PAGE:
When it comes to maintaining troubled assets, vulture
investors are circling South Florida properties.
And there are a number opportunities out there. The area is currently home to $12.4 billion in troubled commercial real estate assets, according to data analysis firm Real Capital Analytics, and more lenders are foreclosing with the goal of reselling the properties to willing buyers.
That spells big business for distressed asset and receivership
specialists, workout pros and other commercial real estate experts who can navigate the troubled waters of these property types.
“The Chinese word for crisis is opportunity and the future for
seasoned commercial brokers with workout experience has never been brighter,” said Miami real estate consultant Jack Studnicky, vice president at International Sales Group. “Lenders will have to sort out the real and reputable from the promoters who launched their firms in the last two years.”
Studnicky said brokers who see the long term value in protecting
assets, banks and their own reputations will emerge as winners in the current cycle. He warned against “fire sale” pricing that ultimately harms the entire market.
Warren Weiser, principal of Continental Real Estate Companies, agreed.
So far the market isn’t reproducing the fire sales that characterized
the savings and loan crisis of the 1980s and 1990s. That, he said, is
because there is more than enough capital chasing distressed deals to encourage some level of bidding to maintain fair market value rates.
“We don’t necessarily need to push real estate out the door to anyone willing to buy it,” Weiser said. “Rather, we need to understand the real value and see if we can create more value. If it’s right to sell it today, we’ll sell it. But if it will appreciate over time, we’ll hold on to it.”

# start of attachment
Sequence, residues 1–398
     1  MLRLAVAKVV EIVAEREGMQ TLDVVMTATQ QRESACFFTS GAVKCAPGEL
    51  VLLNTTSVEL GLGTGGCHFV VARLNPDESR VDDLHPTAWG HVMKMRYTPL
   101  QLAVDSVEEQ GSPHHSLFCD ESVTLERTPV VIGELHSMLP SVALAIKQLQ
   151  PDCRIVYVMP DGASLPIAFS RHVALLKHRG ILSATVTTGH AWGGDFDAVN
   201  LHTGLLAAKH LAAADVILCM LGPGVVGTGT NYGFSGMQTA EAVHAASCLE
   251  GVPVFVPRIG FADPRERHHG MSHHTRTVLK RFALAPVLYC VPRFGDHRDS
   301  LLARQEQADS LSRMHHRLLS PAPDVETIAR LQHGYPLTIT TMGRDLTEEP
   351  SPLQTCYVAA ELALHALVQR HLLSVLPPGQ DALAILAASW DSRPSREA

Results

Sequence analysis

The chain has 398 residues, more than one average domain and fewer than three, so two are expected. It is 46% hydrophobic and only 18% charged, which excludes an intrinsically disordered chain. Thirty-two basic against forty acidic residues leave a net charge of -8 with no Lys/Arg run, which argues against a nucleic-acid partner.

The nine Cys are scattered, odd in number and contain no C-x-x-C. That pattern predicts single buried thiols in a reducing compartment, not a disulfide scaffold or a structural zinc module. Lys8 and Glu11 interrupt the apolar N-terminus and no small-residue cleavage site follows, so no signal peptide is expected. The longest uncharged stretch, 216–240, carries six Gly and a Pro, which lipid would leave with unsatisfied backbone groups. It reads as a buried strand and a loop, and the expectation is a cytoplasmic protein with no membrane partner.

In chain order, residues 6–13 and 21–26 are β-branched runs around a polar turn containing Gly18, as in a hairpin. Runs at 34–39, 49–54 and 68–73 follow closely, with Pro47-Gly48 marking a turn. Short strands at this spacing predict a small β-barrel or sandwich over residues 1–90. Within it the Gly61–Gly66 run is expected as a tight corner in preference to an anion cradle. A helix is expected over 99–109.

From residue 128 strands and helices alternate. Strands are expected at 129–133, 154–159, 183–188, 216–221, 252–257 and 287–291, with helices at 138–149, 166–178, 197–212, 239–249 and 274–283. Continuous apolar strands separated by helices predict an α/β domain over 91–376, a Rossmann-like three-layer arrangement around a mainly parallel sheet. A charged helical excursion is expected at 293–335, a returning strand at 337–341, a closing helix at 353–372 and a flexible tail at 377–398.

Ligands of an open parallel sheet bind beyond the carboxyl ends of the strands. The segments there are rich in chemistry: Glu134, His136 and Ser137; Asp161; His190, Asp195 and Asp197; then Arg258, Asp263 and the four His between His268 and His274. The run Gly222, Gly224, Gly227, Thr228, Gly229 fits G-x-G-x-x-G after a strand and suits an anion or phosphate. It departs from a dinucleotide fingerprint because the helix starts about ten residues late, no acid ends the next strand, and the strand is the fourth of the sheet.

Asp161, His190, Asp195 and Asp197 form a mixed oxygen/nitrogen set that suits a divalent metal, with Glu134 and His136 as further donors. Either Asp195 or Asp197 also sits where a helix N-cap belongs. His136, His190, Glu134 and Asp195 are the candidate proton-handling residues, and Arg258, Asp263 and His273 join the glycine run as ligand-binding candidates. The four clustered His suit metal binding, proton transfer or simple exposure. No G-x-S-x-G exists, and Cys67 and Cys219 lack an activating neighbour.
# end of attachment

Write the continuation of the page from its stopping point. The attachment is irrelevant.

Continental has been managing receiverships and distressed assets for 20 years, taking on 29 Florida projects in the past year alone, including Parc Central East in Aventura. Studnicky has, too.
“The proper value is derived by analyzing today’s market value as well as replacement cost and projected value,” Studnicky said. “Taking the opinion of local brokers on property value will generally lead to fire sale pricing. Unfortunately, I’ve seen lenders leave millions on the table for lack of the right advice.”
Distressed properties abound in South Florida’s commercial real estate market. If 2009 was a year of workouts between gun-shy lenders and defaulted borrowers, then 2010 could very well be remembered as a record year for commercial foreclosures. The question is, how long will the opportunities last?
“This opportunity is going to be here throughout 2010 and 2011 but I think the market will slowly get better over time,” Weiser said. “I don’t think anyone can give a real accurate projection of when it’s going to change. How robust our recovery is going to be — and when that happens — is largely tied to the general economy.”